JAMES: I’m still deciding between two different shoes, to be honest with you. Both of them are really thoughtfully handmade shoes that I think are also just really beautiful red carpet shoes. My mom used to take me to The Costume Institute and also the Shoe Museum in Toronto when I was growing up and she would explain to me how historically high heels were used as a tool to, really, stop women from being able to run away. I think one of the things that have been so important to me with Brother Vellies is, really, to reframe that narrative. How do you create a product that’s actually going to empower women to really go the distance? Every single pair of Brother Vellies shoes that I make is a reminder to keep fun and glamour at the forefront of what you’re doing.

INTERVIEW: I know you might not have this nailed down yet, but what’s the beauty vision for tonight?

JAMES: A common thread in my approach to beauty is really still trying to look like myself. 99 percent of the time I’m not wearing makeup. But there are definitely some products that I like, that make me feel like I’m amplifying me, instead of painting a canvas from scratch. So, I would say i’m keeping it classic and minimal tonight with the beauty.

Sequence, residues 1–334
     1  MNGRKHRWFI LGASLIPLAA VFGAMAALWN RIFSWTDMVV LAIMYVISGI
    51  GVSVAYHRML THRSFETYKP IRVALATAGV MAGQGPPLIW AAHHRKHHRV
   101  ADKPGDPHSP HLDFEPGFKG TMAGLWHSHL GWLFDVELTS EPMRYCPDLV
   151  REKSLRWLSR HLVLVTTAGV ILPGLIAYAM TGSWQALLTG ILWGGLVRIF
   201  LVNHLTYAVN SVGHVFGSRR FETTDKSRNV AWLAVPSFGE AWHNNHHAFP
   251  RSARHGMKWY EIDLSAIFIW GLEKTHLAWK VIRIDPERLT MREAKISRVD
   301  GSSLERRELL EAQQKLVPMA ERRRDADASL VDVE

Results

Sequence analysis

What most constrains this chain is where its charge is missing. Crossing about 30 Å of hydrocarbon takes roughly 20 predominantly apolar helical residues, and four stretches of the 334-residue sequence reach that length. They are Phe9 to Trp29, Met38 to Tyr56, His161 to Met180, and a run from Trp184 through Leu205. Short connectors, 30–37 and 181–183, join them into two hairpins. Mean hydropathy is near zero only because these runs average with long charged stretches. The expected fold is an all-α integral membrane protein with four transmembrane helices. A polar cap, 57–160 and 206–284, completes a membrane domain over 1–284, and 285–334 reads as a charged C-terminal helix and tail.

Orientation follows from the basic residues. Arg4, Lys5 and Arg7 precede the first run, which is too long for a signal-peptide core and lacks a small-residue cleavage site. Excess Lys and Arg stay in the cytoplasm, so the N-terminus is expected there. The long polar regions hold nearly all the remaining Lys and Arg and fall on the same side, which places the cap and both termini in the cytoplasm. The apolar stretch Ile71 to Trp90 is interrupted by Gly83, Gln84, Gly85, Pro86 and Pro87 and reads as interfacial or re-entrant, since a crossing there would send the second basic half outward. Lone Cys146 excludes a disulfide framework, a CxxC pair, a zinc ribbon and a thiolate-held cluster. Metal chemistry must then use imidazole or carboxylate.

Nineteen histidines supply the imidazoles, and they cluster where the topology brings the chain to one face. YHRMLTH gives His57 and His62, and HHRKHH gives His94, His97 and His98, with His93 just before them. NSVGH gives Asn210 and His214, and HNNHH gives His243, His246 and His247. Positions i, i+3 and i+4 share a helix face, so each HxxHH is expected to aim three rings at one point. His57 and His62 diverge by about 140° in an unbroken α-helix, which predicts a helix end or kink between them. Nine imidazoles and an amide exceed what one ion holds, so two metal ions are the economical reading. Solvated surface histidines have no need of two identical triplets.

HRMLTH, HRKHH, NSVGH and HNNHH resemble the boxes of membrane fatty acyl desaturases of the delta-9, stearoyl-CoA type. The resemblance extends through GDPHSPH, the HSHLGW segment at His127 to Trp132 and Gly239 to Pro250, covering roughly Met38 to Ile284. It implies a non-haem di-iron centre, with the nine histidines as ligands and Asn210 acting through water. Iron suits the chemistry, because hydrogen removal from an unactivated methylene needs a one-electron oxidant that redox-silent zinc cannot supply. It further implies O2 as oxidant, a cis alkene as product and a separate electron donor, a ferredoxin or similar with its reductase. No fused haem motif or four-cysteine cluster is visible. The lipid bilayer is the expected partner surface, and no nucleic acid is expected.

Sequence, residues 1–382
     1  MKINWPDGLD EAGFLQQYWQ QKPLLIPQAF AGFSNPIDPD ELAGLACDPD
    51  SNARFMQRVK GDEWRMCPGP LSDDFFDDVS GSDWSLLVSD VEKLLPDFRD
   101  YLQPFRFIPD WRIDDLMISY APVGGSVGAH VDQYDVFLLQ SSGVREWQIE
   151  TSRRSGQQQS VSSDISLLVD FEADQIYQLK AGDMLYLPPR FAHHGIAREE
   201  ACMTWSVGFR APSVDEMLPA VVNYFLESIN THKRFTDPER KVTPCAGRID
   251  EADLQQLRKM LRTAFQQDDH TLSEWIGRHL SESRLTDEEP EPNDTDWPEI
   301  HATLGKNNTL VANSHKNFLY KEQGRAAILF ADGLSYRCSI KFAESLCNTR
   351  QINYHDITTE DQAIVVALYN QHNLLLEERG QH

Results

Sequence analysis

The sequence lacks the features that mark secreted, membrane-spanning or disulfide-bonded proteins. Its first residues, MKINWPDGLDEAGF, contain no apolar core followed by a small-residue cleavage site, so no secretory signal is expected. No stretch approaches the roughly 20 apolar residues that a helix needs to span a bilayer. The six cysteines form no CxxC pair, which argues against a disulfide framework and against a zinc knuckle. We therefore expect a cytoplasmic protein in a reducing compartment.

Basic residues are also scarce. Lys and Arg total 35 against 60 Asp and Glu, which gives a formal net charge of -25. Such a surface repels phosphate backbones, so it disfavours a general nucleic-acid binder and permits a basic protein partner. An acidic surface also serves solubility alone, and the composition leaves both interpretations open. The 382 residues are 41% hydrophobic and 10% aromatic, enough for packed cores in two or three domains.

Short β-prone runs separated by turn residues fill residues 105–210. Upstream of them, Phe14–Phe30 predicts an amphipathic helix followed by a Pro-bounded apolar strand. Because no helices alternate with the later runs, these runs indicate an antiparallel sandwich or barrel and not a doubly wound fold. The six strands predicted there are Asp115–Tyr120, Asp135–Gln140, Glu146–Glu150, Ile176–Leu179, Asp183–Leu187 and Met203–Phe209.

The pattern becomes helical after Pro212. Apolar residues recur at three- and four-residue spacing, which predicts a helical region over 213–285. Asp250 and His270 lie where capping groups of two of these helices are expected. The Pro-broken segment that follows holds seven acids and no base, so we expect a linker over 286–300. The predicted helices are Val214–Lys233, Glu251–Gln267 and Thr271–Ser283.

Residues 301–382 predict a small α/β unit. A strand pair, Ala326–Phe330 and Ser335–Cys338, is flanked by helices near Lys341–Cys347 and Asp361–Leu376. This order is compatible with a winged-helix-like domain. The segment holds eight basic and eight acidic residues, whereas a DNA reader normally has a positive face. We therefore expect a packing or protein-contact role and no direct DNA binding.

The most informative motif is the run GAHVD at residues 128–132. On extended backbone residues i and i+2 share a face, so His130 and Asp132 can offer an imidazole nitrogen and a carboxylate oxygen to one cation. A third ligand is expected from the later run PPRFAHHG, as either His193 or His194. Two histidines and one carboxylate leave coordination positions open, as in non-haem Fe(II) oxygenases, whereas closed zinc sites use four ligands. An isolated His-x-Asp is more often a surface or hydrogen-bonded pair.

INTERVIEW: Lip gloss or lipstick?

JAMES: I prefer lip balm. I feel like I’m always hugging and kissing people. I’m always a healthy skin, healthy hair, type-person, so the lip balm makes more sense. Maybe it’s a tinted lip balm you know? Maybe it’s a dab of lipstick over the lip balm. We have to see. We’re really just only starting on this Met day, we may end up going in a little bit of a different direction.

INTERVIEW: What’s in your bag for tonight?

JAMES: Honestly, nothing. There’s nothing that I feel like I really need. I usually don’t carry so much baggage with me on a journey.